My blog today is somewhat shorter than usual as I decided to concentrate solely on the life and works of Hendrik Mesdag’s wife Sientje van Houten, an artist in her own right and not just “Mrs Mesdag, wife of the marine painter Hendrik Mesdag”.
Hendrik Willem Mesdag married Sientje van Houten in April 1856 and seven years later in September 1863 their only child, Klaas was born. In June 1864, her father Derk, a wealthy Groningen timber merchant, died and left her a substantial inheritance which she realised in 1866. This change in her financial situation allowed Hendrik to leave his father’s bank where he had been working for sixteen years and concentrate on his painting and eventually become a professional artist. He even managed to have one of his paintings, which had been accepted at the 1870 Salon, awarded a gold medal.
Sientje had accompanied her husband when he went to stay in Brussels to study under Willem Roelofs. Their house in Rue Van de Weyer was often the focal point for Dutch and Belgian painters, and it could well have been the conversations on art at these soirées that stimulated Sientje’s mind and enhanced her artistic talent. She, like her husband, not only received instruction from Roelofs but also from Hendrik’s cousin the professional artist, Laurens Alma-Tadema.
She accompanied her husband when he spent the summer of 1866 at the Oosterbeek artist colony and again in the summer of 1868 on the island of Nordeney where she, like Hendrik, spent time painting and sketching seascapes. The couple moved to The Hague in 1869, where they lived in a house on Anna Paulownastraat and later in a house on Laan van Meerdervoort. Her husband, who wanted to concentrate on seascapes, later hired a studio room facing the sea at the Villa Elba in Scheveningen where he and Sientje would spend hours painting and sketching. In order to improve her artistic proficiency, Sientje took drawing lessons from their family friend and painter Christian d’Arnaud Gerkens.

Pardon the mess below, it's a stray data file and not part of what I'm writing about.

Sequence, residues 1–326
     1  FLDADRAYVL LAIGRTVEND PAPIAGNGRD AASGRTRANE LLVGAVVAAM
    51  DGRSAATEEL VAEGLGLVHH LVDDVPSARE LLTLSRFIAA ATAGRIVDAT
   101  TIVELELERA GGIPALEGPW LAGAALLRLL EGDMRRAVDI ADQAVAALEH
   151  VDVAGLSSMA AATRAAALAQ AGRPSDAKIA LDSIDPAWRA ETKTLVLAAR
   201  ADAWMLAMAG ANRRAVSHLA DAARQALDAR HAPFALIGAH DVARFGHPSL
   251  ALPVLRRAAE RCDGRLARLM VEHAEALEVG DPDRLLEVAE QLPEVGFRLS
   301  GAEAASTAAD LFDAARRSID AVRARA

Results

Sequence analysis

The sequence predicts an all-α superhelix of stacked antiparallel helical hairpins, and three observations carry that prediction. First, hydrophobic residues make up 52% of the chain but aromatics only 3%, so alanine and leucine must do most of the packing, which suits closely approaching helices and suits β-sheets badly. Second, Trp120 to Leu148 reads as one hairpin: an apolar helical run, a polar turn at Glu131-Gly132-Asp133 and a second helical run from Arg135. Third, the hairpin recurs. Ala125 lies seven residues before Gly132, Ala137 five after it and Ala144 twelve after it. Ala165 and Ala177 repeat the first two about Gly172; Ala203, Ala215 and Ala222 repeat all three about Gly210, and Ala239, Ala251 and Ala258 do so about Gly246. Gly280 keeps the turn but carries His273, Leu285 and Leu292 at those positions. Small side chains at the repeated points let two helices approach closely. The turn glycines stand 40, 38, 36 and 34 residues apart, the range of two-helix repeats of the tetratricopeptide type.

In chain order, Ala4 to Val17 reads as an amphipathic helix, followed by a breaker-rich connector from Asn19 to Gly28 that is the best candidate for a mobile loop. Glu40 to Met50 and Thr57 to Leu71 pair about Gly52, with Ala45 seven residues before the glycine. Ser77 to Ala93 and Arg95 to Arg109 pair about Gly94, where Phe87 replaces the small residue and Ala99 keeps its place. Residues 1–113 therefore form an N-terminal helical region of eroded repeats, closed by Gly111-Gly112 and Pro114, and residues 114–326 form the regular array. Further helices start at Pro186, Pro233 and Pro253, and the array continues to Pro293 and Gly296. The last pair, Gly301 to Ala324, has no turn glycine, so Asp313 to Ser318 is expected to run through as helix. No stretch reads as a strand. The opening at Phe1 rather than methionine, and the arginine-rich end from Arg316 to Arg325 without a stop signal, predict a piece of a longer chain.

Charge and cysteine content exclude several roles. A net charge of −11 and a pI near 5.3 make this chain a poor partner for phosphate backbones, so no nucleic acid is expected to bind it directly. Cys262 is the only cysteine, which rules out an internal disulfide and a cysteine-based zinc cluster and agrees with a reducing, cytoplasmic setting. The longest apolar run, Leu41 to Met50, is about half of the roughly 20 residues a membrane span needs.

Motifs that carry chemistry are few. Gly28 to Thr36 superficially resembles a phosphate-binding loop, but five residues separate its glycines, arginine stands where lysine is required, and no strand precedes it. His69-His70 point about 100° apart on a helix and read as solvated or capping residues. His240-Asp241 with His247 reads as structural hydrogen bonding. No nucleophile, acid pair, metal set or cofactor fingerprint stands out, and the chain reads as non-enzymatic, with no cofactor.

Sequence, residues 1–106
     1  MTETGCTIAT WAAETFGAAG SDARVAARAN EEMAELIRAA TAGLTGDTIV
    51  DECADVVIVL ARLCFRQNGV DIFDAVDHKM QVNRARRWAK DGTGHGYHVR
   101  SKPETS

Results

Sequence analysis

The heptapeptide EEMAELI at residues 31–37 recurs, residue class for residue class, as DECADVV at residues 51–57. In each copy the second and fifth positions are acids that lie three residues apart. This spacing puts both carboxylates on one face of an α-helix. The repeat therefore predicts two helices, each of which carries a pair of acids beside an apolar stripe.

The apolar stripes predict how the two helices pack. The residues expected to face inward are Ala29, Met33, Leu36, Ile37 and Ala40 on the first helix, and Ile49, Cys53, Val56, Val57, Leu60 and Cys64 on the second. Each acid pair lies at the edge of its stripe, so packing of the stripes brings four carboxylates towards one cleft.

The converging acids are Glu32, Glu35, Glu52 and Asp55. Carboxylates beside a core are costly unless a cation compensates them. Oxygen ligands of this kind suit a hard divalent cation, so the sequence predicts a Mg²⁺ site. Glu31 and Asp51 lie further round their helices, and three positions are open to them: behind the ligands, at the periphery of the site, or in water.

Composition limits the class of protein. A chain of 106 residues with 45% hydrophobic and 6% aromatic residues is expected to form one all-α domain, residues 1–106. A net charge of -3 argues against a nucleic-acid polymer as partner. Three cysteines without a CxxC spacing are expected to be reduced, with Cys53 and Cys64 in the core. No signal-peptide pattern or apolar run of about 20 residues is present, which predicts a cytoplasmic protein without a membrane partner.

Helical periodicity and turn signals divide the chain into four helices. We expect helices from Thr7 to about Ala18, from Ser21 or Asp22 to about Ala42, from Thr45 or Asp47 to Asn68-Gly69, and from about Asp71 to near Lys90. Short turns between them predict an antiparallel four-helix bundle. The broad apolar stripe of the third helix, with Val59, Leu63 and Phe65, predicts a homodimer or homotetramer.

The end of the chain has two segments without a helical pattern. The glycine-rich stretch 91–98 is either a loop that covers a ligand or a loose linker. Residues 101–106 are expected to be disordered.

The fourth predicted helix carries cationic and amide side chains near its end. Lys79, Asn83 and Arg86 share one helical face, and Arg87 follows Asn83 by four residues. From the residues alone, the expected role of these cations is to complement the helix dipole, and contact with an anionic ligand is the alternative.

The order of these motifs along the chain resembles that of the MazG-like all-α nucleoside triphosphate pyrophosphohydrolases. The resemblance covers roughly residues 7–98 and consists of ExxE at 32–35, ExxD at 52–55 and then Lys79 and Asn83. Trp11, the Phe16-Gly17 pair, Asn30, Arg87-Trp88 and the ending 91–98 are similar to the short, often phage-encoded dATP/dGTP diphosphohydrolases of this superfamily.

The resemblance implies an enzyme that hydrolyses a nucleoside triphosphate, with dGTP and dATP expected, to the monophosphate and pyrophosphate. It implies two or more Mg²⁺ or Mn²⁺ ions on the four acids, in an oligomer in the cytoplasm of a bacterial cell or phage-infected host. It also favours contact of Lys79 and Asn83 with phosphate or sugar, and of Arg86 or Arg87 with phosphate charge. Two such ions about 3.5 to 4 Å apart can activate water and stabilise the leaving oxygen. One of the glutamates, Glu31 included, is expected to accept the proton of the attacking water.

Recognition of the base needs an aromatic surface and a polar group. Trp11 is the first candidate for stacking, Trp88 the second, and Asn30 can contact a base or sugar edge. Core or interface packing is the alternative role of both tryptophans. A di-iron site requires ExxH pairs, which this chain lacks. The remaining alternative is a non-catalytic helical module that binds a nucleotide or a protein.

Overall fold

Life could not have been better for Hendrick Mesdag and his wife Sientje and yet fate would play a fateful trick on the couple. On September 24th 1871, tragedy struck when their beloved eight-year-old son Klaas, died of diphtheria. It must have been a devastating time for Hendrik and Sientje. Who knows whether Sientje wanted to totally immerse herself into something which would deaden the pain of loss but following the death of Klaas, she devoted all her time painting. She had been in contact with art from an early age through both her father, who had a modest art collection, which she and her siblings would have seen and of course she had lived with her husband and watched him paint.
At first, Sientje concentrated on landscape painting and would often leave home and go on painting trips in the Scheveningen dunes with her friend and artist, Harriet Lido who was constantly giving her artistic advice. Sientje Mesdag-van Houten initially focused on landscape painting and travelled to areas such as Drenthe, Overijssel and the Veluwe region in Gelderland. Besides her love of landscape painting she also liked to paint still lifes. Over the years, she became increasingly accomplished as an artist and her self-confidence grew to such an extent that she began to submit her paintings to national exhibitions in Europe and America and was happy to partake in group exhibitions held by the Dutch Drawing Society and the Pulchri Studio. Her husband was also a member of the Pulchri Studio and on a number of occasions both husband and wife exhibited together. She was also the president of Our Club, a meeting place for cultured women. Mesdag-van Houten kept in touch with other women painters and dedicated herself to the cause of the ‘poor female artist’ and became the leading light and mentor for many young aspiring female artists who would gather at her studio for advice on their artwork